“I have visited it several times.”
“You know, I think,” said the captain, looking straight into my eyes, “that Nantucket Island was the birthplace of Arthur Gordon Pym, the hero of your famous romance-writer Edgar Poe.”
“Yes. I remember that Poe’s romance starts from Nantucket.”
“Romance, you say? That was the word you used?”
“Yes, and that is what everybody says! But, pardon me, I cannot stay any longer. I regret that I cannot alter my mind with respect to your proposal. But, at any rate, you will only have a few days to wait. The season is about to open. Trading ships and whalers will put in at Christmas Harbour, and you will be able to make a choice, with the certainty of going to the port you want to reach. I am very sorry, sir, and I salute you.”
With these words Captain Len Guy walked quickly away, and the interview ended differently from what I had expected, that is to say in formal, although polite, fashion.
As there is no use in contending with the impossible, I gave up the hope of a passage on the Halbrane, but continued to feel angry with her intractable captain. And why should I not confess that my curiosity was aroused? I felt that there was something mysterious about this sullen mariner, and I should have liked to find out what it was.
That day, Atkins wanted to know whether Captain Len Guy had made himself less disagreeable. I had to acknowledge that I had been no more fortunate in my negotiations than my host himself, and the avowal surprised him not a little. He could not understand the captain’s obstinate refusal. And—a fact which touched him more nearly—the Green Cormorant had not been visited by either Len Guy or his crew since the arrival of the Halbrane. The men were evidently acting upon orders. So far as Hurliguerly was concerned, it was easy to understand that after his imprudent advance he did not care to keep up useless relations with me. I knew not whether he had attempted to shake the resolution of his chief; but I was certain of one thing; if he had made any such effort it had failed.
During the three following days, the 10th, 11th, and 12th of August, the work of repairing and re-victualling the schooner went on briskly; but all this was done with regularity, and without such noise and quarrelling as seamen at anchor usually indulge in. The Halbrane was evidently well commanded, her crew well kept in hand, discipline strictly maintained.
The schooner was to sail on the 15th of August, and on the eve of that day I had no reason to think that Captain Len Guy had repented him of his categorical refusal. Indeed, I had made up my mind to the disappointment, and had no longer any angry feeling about it. When Captain Len Guy and myself met on the quay, we took no notice of each other; nevertheless, I fancied there was some hesitation in his manner; as though he would have liked to speak to me. He did not do so, however, and I was not disposed to seek a further explanation.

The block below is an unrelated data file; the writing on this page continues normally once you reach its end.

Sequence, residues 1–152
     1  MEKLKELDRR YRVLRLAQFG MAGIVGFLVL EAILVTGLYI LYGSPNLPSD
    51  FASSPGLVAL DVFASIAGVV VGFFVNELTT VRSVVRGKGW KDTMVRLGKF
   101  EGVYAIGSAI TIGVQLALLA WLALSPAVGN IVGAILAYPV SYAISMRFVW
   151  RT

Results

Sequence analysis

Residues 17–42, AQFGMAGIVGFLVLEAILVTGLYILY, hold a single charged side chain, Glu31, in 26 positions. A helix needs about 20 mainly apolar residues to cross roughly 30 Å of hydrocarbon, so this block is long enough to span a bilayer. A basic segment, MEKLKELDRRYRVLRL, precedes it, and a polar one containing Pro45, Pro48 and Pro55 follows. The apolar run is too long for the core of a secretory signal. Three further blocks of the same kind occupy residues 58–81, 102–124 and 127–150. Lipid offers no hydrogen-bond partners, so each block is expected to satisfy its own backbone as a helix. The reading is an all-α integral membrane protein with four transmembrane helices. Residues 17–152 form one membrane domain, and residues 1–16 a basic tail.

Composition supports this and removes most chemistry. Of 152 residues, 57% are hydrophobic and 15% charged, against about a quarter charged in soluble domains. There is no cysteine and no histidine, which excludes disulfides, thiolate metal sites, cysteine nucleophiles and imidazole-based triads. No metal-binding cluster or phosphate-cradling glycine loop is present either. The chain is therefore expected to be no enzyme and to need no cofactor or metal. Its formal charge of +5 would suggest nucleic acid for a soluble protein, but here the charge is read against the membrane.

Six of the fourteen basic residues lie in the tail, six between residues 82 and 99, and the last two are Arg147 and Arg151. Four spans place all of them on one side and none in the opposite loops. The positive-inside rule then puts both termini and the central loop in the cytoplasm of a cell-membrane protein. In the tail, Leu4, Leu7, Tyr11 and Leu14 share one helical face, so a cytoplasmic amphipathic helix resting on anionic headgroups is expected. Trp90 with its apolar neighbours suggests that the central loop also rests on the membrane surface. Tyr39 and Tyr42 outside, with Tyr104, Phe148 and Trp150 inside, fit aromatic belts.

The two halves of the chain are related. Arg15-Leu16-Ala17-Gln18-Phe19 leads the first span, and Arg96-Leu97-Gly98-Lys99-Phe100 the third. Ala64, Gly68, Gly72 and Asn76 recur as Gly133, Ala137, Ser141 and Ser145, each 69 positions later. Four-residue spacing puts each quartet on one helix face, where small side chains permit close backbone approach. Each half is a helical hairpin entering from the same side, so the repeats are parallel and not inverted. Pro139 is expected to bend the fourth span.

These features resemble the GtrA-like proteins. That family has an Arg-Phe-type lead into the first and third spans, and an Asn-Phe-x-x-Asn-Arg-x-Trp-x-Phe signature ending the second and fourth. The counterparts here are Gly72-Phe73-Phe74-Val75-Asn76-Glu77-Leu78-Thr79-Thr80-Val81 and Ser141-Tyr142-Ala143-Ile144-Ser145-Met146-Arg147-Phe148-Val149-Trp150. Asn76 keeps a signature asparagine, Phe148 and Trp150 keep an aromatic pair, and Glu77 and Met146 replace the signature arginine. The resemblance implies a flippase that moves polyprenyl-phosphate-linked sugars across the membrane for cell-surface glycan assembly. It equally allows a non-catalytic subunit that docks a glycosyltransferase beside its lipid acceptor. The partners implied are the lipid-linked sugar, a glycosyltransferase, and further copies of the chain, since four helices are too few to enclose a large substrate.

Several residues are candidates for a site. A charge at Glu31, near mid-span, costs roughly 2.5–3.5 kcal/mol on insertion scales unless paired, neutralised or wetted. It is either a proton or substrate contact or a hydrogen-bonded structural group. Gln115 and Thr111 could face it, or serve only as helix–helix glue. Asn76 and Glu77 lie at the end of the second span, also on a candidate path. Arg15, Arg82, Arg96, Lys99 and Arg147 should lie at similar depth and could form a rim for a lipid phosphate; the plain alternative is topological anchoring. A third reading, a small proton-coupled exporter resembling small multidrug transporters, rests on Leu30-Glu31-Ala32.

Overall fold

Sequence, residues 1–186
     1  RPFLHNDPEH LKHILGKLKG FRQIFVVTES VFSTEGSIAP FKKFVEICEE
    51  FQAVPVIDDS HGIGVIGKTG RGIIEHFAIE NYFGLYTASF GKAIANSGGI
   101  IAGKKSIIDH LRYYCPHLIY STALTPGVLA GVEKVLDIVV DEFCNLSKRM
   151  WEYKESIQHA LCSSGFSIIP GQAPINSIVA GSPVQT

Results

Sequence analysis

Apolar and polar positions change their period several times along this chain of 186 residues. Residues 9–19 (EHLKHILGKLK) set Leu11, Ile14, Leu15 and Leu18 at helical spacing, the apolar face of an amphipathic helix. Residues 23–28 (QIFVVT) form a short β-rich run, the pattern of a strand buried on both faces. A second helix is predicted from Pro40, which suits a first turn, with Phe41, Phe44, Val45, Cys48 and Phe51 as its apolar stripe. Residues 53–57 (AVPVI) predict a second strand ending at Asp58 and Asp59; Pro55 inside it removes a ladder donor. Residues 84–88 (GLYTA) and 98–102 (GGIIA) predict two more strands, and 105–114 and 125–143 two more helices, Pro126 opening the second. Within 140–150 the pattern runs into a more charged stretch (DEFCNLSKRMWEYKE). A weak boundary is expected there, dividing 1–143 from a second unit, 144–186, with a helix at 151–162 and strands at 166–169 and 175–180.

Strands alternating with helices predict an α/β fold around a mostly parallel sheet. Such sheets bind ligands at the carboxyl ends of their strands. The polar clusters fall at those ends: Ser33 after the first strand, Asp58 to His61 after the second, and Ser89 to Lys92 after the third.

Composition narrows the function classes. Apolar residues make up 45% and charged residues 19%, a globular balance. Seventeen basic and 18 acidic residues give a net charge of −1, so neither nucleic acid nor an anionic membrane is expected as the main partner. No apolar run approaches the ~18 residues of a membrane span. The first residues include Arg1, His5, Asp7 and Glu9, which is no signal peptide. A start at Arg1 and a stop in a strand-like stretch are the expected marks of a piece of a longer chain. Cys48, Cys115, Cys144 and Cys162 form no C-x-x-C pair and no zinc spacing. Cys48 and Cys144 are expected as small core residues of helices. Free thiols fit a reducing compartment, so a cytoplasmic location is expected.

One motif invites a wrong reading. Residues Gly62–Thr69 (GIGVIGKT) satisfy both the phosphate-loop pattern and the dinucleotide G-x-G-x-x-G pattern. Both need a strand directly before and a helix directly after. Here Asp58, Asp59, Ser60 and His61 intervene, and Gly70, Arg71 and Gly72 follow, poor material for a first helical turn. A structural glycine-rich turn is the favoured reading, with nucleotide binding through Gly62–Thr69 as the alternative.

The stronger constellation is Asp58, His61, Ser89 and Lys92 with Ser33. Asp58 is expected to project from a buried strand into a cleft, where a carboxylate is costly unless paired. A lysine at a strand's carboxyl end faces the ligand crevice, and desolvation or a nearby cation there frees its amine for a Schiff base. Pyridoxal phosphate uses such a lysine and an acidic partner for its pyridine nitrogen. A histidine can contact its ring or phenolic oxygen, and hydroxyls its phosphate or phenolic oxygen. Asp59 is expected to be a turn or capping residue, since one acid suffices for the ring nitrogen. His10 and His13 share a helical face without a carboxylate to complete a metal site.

At seven o’clock in the evening of the 14th of August, the island being already wrapped in darkness, I was walking on the port after I had dined, walking briskly too, for it was cold, although dry weather. The sky was studded with stars and the air was very keen. I could not stay out long, and was returning to mine inn, when a man crossed my path, paused, came back, and stopped in front of me. It was the captain of the Halbrane.
“Mr. Jeorling,” he began, “the Halbrane sails tomorrow morning, with the ebb tide.”
“What is the good of telling me that,” I replied, “since you refuse—”
“Sir, I have thought over it, and if you have not changed your mind, come on board at seven o’clock.”
“Really, captain,” I replied, “I did not expect this relenting on your part.”
“I repeat that I have thought over it, and I add that the Halbrane shall proceed direct to Tristan d’Acunha. That will suit you, I suppose?”
“To perfection, captain. To-morrow morning, at seven o’clock, I shall be on board.”
“Your cabin is prepared.”
“The cost of the voyage—”
“We can settle that another time,” answered the captain, “and to your satisfaction. Until to-morrow, then—”
I stretched out my arm, to shake hands with him upon our bargain. Perhaps he did not perceive my movement in the darkness, at all events he made no response to it, but walked rapidly away and got into his boat.
I was greatly surprised, and so was Arkins, when I found him in the eating-room of the Green Cormorant and told him what had occurred. His comment upon it was characteristic.
“This queer captain,” he said, “is as full of whims as a spoilt child! It is to be hoped he will not change his mind again at the last moment.”
The next morning at daybreak I bade adieu to the Green Cormorant, and went down to the port, with my kind-hearted host, who insisted on accompanying me to the ship, partly in order to make his mind easy respecting the sincerity of the captain’s repentance, and partly that he might take leave of him, and also of Hurliguerly. A boat was waiting at the quay, and we reached the ship in a few minutes.